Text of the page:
Blog

 
 

What is your image of Pakistan?

Author Daniyal Mueenuddin

Author Daniyal Mueenuddin

What’s your image of Pakistan? A nuclear-armed, Taliban-infested, desperately poor nation of 170 million people on the edge of anarchy? A barbaric backwater where women get buried alive for refusing to be forced into marriage, or are condemned, like Mukhtar Mai, to be gang-raped for an offense allegedly committed by a younger brother? These are images that come to us from trustworthy journalists and reputable sources. Share your own impressions about Pakistan below.

So, how are we to square them with the Pakistani author Daniyal Mueennaddin who delivers in his hip debut collection of linked stories, In Other Rooms, Other Wonders: a Pakistan where Islam is hardly mentioned except in passing; where sophisticated urbanites routinely indulge in sex and drugs with impunity; and where everybody from the maid to the manager to the local judge cheats as a modus operadum.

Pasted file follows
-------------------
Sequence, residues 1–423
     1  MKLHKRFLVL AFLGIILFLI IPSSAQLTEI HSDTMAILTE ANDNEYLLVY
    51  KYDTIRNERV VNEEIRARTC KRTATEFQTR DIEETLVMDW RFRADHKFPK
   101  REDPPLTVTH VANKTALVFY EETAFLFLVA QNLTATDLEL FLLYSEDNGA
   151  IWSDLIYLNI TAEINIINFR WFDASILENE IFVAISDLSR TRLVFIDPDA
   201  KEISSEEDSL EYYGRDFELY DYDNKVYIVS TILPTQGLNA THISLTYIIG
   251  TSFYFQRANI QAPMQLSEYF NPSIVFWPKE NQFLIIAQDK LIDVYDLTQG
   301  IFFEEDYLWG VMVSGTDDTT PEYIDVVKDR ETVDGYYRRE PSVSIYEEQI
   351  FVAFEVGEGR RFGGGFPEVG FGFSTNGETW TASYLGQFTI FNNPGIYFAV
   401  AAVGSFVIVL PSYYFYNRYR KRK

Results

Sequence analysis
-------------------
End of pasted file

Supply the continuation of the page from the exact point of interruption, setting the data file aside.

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Radio

 
 

Green Faith

How does faith affect eco-consciousness? Is religion more focused on the after-life than on stewardship of the earth? Experts on Islam and Christianity join us for an interfaith conversation about faith and environmental activism. This show will preview an Inside Islam conference on Green Faith that will be held on March 6th at the Pyle Center at UW-Madison.

Regions & Themes

 
 

South Asia

Anglo-Islamic Law in Colonial India

Mitra Sharafi, Assistant Professor of Law, University of Wisconsin

In colonial India, Islamic law was famous for its flexibility. It
was one of many systems of religious law applied in the state courts, typically by European judges. Then as now, South Asia operated upon the personal law principle. For marriage and inheritance, a person’s religious affiliation determined what law would govern. Hindu law applied to Hindus, Islamic law to Muslims, and so on. State courts administered religious law, making the term “Anglo-Islamic” law the most appropriate term for the body of law applied to Muslims. Continue reading